Gods Law and The New Covenant – Episode 2

The God That Does Not Change

This week (Nov 18) on Shabbat Night Live, we say we love God, but what does that mean? Is loving God something different than we assume? Are there certain requirements of us when it comes to loving God and loving people?

Steve Siefken shares the biblical definition of love and how we are to show it.

Watch the episode — included on this blog post.

While you watch, consider the questions below. The timeline for each discussion topic in the video is noted on each question. Post your answers in the comments section, and let’s get some discussion going!

  1. (VIDEO TIMELINE: 16:00) How do the near-forgotten words of Malachi 3:6, “For I am the Lord, I do not change,” offer a perspective on the dynamic between the so-called Old and New Covenants? How can Yeshua’s later words be seen as explications and definitions of the Law for the listeners of his time and place rather than a rejection in the manner of evangelism that focuses solely on the text of the New Testament?
  2. (VIDEO TIMELINE: 20:00) How have interpretations of scriptural references to “love” in many evangelical circles served to limit and even distort its extensive meaning as intended by YeHoVaH? How does Paul’s renowned statement in 1 Corinthians 13:13 that love is the most transcendent virtue suggest a legal dimension, one that compels the faithful to consider a range of thought and intention in our interactions to illustrate this affirmation?
  3. (VIDEO TIMELINE: 24:00) Similarly, what is problematic about the recurrent evangelical practice of presuming salvation based on mere acknowledgment of Yeshua as Messiah or belief in YeHoVaH through selected verses from the New Testament?  How does this notion of “easy grace” allow for accommodation of questionable interpretation or even sinful behavior through abandonment of obedience to the Law?  
  4. (VIDEO TIMELINE: 28:00) How can the exhortations in James 4 be viewed as a foreshadowing of Paul’s distinction about the curse of the law for the disobedient? How do those presumptive Christians who rationalize sinful behavior by dismissing the Law demonstrate the notion that “friendship with the world is enmity with God”?  Further, how might this mysterious apostle become rediscovered by many believers for his advocacy of faith life as a covenant rather than a mere mindset?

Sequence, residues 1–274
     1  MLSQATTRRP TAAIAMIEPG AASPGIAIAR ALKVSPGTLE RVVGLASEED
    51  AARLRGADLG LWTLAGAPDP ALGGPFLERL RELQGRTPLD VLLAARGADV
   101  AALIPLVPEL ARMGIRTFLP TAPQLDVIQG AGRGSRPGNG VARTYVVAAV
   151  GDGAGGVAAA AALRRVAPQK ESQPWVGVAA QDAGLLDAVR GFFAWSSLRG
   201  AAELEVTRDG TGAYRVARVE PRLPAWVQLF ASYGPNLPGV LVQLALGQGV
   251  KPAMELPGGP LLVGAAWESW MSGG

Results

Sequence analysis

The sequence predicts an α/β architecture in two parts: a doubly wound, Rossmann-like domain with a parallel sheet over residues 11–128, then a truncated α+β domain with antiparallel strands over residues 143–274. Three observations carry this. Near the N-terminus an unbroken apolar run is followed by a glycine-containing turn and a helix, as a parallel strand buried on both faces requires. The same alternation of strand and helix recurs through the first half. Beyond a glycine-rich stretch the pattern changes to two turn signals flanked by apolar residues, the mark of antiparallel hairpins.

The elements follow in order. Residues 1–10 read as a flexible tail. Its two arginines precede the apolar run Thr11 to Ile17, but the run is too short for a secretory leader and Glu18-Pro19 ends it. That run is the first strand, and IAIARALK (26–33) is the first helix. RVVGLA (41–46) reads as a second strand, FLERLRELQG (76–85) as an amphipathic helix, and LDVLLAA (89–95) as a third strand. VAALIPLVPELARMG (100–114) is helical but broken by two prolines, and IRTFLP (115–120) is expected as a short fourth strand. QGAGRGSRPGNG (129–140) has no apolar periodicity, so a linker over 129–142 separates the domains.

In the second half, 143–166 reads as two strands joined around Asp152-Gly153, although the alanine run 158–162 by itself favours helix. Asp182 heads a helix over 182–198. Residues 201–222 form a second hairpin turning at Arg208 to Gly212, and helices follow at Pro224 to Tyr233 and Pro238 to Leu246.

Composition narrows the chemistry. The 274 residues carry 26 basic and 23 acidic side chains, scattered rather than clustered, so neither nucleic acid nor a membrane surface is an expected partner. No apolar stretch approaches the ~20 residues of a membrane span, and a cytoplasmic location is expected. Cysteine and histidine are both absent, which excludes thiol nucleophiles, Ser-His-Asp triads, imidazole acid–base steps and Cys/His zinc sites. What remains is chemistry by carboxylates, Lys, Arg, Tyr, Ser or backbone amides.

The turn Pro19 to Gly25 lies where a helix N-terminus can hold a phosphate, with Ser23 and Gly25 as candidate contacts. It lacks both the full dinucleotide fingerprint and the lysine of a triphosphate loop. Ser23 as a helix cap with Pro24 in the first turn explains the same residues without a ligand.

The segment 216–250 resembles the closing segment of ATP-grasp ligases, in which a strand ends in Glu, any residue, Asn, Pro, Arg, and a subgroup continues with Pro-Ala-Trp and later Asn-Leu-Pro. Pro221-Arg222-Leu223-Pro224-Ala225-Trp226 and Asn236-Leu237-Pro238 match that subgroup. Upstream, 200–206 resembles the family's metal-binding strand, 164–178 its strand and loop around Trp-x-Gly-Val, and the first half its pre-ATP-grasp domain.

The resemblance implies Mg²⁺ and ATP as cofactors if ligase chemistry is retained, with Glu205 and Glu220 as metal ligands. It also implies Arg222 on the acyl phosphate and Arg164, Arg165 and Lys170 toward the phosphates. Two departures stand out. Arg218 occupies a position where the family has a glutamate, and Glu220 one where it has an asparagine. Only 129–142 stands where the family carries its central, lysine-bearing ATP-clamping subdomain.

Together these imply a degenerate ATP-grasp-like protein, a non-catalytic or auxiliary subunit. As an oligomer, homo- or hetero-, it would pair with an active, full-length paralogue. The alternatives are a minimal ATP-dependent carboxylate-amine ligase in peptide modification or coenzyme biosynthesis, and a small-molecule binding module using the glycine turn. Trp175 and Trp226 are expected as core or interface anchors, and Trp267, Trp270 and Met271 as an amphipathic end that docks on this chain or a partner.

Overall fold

5. (VIDEO TIMELINE: 32:00) What are some tenable examples from our contemporary world that demonstrate this aspect of the Law as penalty? How does the extraordinary material prosperity of many otherwise agnostic individuals arguably demonstrate only an unwitting adherence to the Law that is further undercut by familiar expressions of contempt such as anti-religious advocacy and public displays of anti-Semitism?
  6. (VIDEO TIMELINE: 36:00) Why has the element of blood sacrifice in the crucifixion of Yeshua been ignored or even downplayed by many otherwise devout evangelical Christians? How has the continuity between this crucial juncture and its predecessor, the burnt offering, been all but lost through a general preoccupation with the prolonged torment and execution of the Messiah?
  7. (VIDEO TIMELINE: 40:00) How does the First Amendment to the U.S. Constitution pose a challenge to all citizens of the nation that is virtually identical to the free will offered by YeHoVaH to his followers? How does our freedom to worship, speak, and publish convey both the opportunity for spiritual and cultural growth and the potential for corruption and ruin, all of it dependent upon our own maintenance of conscience?
  8. (VIDEO TIMELINE: 44:00) How has the disobedience of YeHoVaH’s followers in the so-called Old Testament been echoed within the last century by the reflex of atheism, whether institutionalized within Communism or popularized in the decadent materialism of Western capitalism? Why is the profession of belief itself viewed today as an act of rebellion or disobedience against an ill-defined standard or unwritten law?
  9. (VIDEO TIMELINE: 48:00) How has Paul’s proclamation that the gospel was preached in the Old Testament through Abraham (Galatians 3:8) been overlooked by many believers in their focus upon ancient prophecies of the life and ministry of Yeshua? Why is it essential for today’s faithful to recognize the continuity between the covenants that began with this venerable figure and extended through the Messiah, beyond recognition of his identity as patriarch of the Hebrews?
  10. (VIDEO TIMELINE: 52:00) Similarly, why have many believers glossed over the profound meaning of Abraham’s exchange with YeHoVaH in Genesis 15? How does the surreal imagery of this cryptic episode, particularly its detail of the burning lamp passing between the sacrificed animal parts and the “great horror and darkness” that fell upon the patriarch, demonstrate the covenantal nature of YeHoVaH’s categorical statement of his progeny and its enduring relevance for today’s seeker of salvation?

Add a Comment

Your email address will not be published. Required fields are marked *